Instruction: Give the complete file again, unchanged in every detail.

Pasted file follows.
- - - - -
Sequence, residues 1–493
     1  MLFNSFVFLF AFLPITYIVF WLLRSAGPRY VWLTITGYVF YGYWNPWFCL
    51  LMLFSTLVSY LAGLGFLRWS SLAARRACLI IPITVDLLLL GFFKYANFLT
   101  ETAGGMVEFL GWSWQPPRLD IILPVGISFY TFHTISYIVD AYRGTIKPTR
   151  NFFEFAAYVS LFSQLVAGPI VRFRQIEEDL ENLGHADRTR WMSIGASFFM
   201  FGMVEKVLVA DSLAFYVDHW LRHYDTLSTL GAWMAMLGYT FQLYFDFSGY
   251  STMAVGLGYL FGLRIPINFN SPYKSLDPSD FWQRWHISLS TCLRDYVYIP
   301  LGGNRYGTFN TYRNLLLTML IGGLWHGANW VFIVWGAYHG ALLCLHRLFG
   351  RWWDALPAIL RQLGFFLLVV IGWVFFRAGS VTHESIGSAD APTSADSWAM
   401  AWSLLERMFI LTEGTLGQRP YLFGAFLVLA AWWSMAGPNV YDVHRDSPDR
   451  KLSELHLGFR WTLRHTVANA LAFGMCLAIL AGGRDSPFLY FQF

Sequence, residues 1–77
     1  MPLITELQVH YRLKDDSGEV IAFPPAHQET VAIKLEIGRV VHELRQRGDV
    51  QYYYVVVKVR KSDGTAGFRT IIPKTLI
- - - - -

Sequence, residues 1–493
     1  MLFNSFVFLF AFLPITYIVF WLLRSAGPRY VWLTITGYVF YGYWNPWFCL
    51  LMLFSTLVSY LAGLGFLRWS SLAARRACLI IPITVDLLLL GFFKYANFLT
   101  ETAGGMVEFL GWSWQPPRLD IILPVGISFY TFHTISYIVD AYRGTIKPTR
   151  NFFEFAAYVS LFSQLVAGPI VRFRQIEEDL ENLGHADRTR WMSIGASFFM
   201  FGMVEKVLVA DSLAFYVDHW LRHYDTLSTL GAWMAMLGYT FQLYFDFSGY
   251  STMAVGLGYL FGLRIPINFN SPYKSLDPSD FWQRWHISLS TCLRDYVYIP
   301  LGGNRYGTFN TYRNLLLTML IGGLWHGANW VFIVWGAYHG ALLCLHRLFG
   351  RWWDALPAIL RQLGFFLLVV IGWVFFRAGS VTHESIGSAD APTSADSWAM
   401  AWSLLERMFI LTEGTLGQRP YLFGAFLVLA AWWSMAGPNV YDVHRDSPDR
   451  KLSELHLGFR WTLRHTVANA LAFGMCLAIL AGGRDSPFLY FQF

Sequence, residues 1–77
     1  MPLITELQVH YRLKDDSGEV IAFPPAHQET VAIKLEIGRV VHELRQRGDV
    51  QYYYVVVKVR KSDGTAGFRT IIPKTLI